Journalism must be remade to rebuild public trust, says veteran editor of The Guardian
There is a powerful relationship between news and democracy, says Alan Rusbridger
In the age of Brexit and populist leaders, veteran editor Alan Rusbridger wants journalists to ask themselves "to what extent did we help create these people?"
"If you run away from complexity and you deal in ever, ever-shorter sound bites, and very simplistic messages ... then in a way you're helping mould a world in which people have very simplistic, populist, fear-laden messages to win," said Rusbridger, who was editor of The Guardian newspaper for 20 years.
"There is a powerful, urgent relationship between news and democracy, and that is the great responsibility I think journalists have to face up to," he told The Current's Anna Maria Tremonti.
Rusbridger edited the U.K. newspaper from 1995-2015. His tenure saw the paper conduct explosive investigations, from the release of documents related to the U.S. government's secret surveillance programs — provided by former NSA contractor Edward Snowden — to the hacking scandal that shook Britain's media establishment.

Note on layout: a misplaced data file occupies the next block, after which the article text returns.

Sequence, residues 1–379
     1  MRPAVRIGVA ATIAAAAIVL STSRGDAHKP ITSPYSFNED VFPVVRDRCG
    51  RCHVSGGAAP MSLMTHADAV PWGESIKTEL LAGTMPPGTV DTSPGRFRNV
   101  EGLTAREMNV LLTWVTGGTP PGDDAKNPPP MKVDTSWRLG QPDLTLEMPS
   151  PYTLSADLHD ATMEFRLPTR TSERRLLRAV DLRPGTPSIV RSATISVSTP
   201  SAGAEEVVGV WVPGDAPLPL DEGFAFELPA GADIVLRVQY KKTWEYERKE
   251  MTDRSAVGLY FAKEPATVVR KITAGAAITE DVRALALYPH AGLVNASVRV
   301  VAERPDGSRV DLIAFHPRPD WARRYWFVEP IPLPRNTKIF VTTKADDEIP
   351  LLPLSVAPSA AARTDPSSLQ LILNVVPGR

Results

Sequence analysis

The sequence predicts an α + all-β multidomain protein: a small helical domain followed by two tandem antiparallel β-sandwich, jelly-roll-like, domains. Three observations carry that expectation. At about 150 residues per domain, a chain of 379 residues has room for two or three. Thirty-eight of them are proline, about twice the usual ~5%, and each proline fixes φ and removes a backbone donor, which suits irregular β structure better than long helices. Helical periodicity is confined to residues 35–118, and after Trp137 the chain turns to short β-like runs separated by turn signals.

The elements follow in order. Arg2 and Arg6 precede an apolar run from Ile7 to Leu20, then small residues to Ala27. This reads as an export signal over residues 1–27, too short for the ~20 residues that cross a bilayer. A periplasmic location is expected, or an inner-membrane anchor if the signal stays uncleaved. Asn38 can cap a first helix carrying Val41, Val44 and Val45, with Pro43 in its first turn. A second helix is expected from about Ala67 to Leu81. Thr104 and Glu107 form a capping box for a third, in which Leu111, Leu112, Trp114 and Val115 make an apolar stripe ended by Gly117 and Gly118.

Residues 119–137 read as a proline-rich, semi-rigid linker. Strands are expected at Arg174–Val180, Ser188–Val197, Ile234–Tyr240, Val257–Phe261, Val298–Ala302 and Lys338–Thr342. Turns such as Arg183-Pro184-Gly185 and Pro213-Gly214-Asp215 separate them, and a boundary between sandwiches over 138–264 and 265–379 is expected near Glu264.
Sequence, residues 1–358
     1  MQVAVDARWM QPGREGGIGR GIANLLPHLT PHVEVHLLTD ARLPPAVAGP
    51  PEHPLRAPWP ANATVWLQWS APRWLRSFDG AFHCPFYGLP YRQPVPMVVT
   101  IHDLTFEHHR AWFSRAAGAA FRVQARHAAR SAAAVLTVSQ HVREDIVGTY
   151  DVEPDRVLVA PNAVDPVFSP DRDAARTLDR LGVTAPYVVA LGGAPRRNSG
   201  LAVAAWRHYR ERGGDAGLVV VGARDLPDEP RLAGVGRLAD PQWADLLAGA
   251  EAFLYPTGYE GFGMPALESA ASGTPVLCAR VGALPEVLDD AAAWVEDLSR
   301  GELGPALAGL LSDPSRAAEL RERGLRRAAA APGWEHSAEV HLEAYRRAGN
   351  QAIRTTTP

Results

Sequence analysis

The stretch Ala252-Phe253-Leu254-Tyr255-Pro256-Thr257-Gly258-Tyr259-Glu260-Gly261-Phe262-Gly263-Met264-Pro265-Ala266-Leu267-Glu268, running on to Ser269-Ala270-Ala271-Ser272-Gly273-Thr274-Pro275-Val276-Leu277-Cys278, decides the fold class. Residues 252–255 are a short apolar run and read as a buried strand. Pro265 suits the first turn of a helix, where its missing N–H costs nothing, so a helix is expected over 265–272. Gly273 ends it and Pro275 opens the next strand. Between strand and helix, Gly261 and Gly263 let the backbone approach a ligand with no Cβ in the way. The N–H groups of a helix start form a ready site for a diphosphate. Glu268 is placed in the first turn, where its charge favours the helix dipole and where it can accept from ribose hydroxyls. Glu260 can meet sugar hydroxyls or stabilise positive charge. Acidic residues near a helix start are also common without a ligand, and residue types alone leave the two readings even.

He also led the publication into the digital age, and addresses some of the challenges the internet poses to modern journalism in his new book, Breaking News: The Remaking of Journalism and Why It Matters Now.
One of those challenges is that traditional media organizations now have "billions of people" to compete with for a reader's attention, he said.
"They're finding that people either don't recognize great journalism when they see it — they can't tell the difference between a good source and a bad source — or they just instinctively mistrust journalists," he said.
"Journalism has to be remade in order to address that trust problem."
Click 'listen' near the top of this page to hear the full conversation.
Produced by The Current's Howard Goldenthal